When I was in my 20s and seeking spiritual wisdom, I explored Judaism and encountered the practice of Shabbat, or sabbath. Having been raised without religion my prior understanding was limited to businesses being closed on Sundays so that people were free to go to church on the same day. But, taking a sabbath–a day off from workaday cares–is so much more than not having to go to work, or making a point to go to church or temple for an hour or two.
A world of mobile Internet devices results in potentially constant availability–and constant bombardment of messages that are most often trivial, irrelevant, commercial, or negative. We so rarely have a moment of peace let alone a whole day of peace (shabbat shalom).
Now, more than ever, we need to incorporate a weekly sabbath into our lives: a day in which we set aside work, to-do lists, shopping lists (i.e., gimme-gimme-more-more! consumerism) and spend time only on creativity, enlightenment, relaxation, and connection on a deep, meaningful level.
Creativity may mean writing, drawing, crafting, knitting, woodworking, gardening, or any other endeavor in which you are bringing life to an idea or thing for the pleasure of it. When we are creative we lose track of time and don’t even mind it. It may also mean enjoying the creativity of others, such as spending time at an art museum or a performance (concert, play, dance).
Enlightenment may look like reading wisdom texts (theology, philosophy) or exploring big picture paradigm-shifting ideas in inspiring books, films, and lectures (think TED Talks).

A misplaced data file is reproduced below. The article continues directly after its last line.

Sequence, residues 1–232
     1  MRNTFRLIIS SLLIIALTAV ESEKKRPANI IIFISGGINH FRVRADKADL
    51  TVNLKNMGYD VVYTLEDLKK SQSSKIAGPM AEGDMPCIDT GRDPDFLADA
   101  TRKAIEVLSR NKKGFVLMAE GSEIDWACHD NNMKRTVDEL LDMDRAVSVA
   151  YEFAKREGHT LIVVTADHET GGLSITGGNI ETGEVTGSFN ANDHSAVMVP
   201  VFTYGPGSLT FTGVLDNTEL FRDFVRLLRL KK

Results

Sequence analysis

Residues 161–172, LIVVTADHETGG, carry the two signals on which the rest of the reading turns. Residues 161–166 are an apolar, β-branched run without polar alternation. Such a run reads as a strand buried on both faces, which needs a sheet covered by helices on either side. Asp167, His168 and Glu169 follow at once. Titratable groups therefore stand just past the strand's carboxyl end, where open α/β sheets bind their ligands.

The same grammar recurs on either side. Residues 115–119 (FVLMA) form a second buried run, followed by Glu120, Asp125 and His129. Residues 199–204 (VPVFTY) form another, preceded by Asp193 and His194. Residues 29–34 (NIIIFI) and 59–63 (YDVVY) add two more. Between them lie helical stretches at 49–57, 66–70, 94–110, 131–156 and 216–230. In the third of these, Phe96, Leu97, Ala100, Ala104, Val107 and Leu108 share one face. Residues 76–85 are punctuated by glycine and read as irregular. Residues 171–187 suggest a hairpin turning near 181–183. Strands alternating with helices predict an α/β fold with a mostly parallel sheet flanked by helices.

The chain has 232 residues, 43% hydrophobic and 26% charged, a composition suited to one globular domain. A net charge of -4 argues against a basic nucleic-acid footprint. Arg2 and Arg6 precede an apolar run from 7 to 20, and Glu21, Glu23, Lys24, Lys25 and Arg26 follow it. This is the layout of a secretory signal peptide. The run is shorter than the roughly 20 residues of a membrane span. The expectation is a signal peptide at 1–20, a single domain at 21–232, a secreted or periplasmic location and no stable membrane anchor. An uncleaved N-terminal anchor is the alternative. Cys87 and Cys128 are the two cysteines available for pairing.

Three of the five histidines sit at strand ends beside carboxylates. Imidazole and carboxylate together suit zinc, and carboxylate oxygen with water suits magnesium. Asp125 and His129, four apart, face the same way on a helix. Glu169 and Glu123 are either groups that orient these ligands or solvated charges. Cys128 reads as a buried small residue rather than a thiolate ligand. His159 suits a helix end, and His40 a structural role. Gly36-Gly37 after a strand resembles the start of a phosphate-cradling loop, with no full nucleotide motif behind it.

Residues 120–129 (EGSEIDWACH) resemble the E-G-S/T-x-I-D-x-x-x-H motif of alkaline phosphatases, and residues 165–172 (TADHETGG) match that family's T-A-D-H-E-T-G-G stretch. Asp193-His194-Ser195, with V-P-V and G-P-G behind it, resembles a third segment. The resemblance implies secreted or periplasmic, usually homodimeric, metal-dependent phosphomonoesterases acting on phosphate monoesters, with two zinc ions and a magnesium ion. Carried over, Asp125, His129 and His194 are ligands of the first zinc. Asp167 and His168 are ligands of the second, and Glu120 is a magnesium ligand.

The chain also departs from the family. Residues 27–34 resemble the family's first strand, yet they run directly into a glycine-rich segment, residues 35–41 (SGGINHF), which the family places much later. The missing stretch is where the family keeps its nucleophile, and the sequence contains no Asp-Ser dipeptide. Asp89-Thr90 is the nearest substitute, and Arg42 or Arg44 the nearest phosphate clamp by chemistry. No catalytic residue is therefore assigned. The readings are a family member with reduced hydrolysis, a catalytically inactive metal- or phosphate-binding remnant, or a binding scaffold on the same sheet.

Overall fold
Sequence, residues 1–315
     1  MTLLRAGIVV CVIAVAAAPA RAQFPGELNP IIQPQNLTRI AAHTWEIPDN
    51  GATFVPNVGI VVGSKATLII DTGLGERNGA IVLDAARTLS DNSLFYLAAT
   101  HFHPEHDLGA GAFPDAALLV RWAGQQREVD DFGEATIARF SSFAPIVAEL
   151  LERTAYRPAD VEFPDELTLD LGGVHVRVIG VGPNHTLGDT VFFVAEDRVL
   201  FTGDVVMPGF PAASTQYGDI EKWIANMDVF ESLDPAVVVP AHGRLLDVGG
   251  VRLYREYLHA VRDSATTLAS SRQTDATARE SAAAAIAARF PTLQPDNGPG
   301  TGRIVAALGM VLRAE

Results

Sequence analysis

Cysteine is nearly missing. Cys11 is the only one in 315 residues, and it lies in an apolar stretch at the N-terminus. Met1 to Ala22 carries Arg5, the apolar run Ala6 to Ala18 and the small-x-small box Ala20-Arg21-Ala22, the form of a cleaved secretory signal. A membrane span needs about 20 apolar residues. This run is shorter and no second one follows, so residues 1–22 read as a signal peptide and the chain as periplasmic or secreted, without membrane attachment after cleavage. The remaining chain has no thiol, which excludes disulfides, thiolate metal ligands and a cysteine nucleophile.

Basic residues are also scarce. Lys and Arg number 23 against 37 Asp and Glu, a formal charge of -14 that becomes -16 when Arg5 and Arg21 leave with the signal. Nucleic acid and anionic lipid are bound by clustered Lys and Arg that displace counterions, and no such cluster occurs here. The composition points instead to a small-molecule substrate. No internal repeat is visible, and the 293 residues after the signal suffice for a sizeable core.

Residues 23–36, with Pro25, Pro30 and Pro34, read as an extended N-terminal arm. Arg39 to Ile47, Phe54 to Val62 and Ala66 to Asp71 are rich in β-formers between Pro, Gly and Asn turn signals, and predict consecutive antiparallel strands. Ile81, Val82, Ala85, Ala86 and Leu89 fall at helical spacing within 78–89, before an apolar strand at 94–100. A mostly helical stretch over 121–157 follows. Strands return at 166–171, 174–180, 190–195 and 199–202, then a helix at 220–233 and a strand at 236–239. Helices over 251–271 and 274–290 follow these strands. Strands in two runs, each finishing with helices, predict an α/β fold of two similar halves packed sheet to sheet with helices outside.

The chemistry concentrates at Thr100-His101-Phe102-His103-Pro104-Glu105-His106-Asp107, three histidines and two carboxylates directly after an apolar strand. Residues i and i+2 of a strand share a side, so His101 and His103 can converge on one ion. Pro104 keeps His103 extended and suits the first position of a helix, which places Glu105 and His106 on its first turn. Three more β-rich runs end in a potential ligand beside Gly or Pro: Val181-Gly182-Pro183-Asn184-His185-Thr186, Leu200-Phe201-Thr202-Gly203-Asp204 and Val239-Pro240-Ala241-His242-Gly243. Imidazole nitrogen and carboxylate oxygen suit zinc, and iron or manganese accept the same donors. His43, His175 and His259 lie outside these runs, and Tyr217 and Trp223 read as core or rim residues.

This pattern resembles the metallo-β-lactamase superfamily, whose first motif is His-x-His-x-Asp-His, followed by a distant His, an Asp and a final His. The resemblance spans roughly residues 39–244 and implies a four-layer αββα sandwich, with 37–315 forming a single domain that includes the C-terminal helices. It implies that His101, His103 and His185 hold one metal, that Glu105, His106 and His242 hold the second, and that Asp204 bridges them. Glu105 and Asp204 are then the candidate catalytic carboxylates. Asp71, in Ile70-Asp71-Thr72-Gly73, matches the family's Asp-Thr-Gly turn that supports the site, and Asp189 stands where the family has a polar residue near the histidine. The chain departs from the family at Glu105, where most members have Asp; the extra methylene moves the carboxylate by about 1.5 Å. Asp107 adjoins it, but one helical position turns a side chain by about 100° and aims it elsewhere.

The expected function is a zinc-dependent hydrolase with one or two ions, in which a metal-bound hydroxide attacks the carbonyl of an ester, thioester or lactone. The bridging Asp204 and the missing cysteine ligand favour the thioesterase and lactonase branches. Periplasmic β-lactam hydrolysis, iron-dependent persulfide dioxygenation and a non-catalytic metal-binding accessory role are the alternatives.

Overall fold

Relaxation through yoga, meditation, stretching, massage, soaking in a tub, hiking in the woods, sitting on a beach, watching the sunrise or sunset, listening to the rain, or taking a walk at a park is essential for good health and peace of mind.
Connection with loved-ones on a deep meaningful level means being 100% present with them and truly listening to the point that you empathize with them. When you pet and play with your cat or dog, be truly present with them, not in a hurry to get on to the next thing. Likewise, when you spend time with a loved-one or a new friend, relish that time to talk, touch, and share. You can set the stage for this kind of quality time by doing any creative, enlightening, or relaxing pastime (that you both enjoy) together.
It doesn’t matter which day of the week you choose; it may not even be the same day each week depending on your schedule, but do make time for your sabbath.
What does creativity, enlightenment, relaxation, and connection look like for you? Which day of your week naturally lends itself to a sabbath? Journal, draw, or talk with a loved-one about what your sabbath would look like. Then, make time for your sabbath this week. You may be surprised to discover how challenging it may feel to take this time and not be distracted by consumerism, rush-rush errands, to-do lists, and if-it-bleeds-it-leads news. But just keep coming back to creativity, enlightenment, relaxation, and connection. You won’t regret it.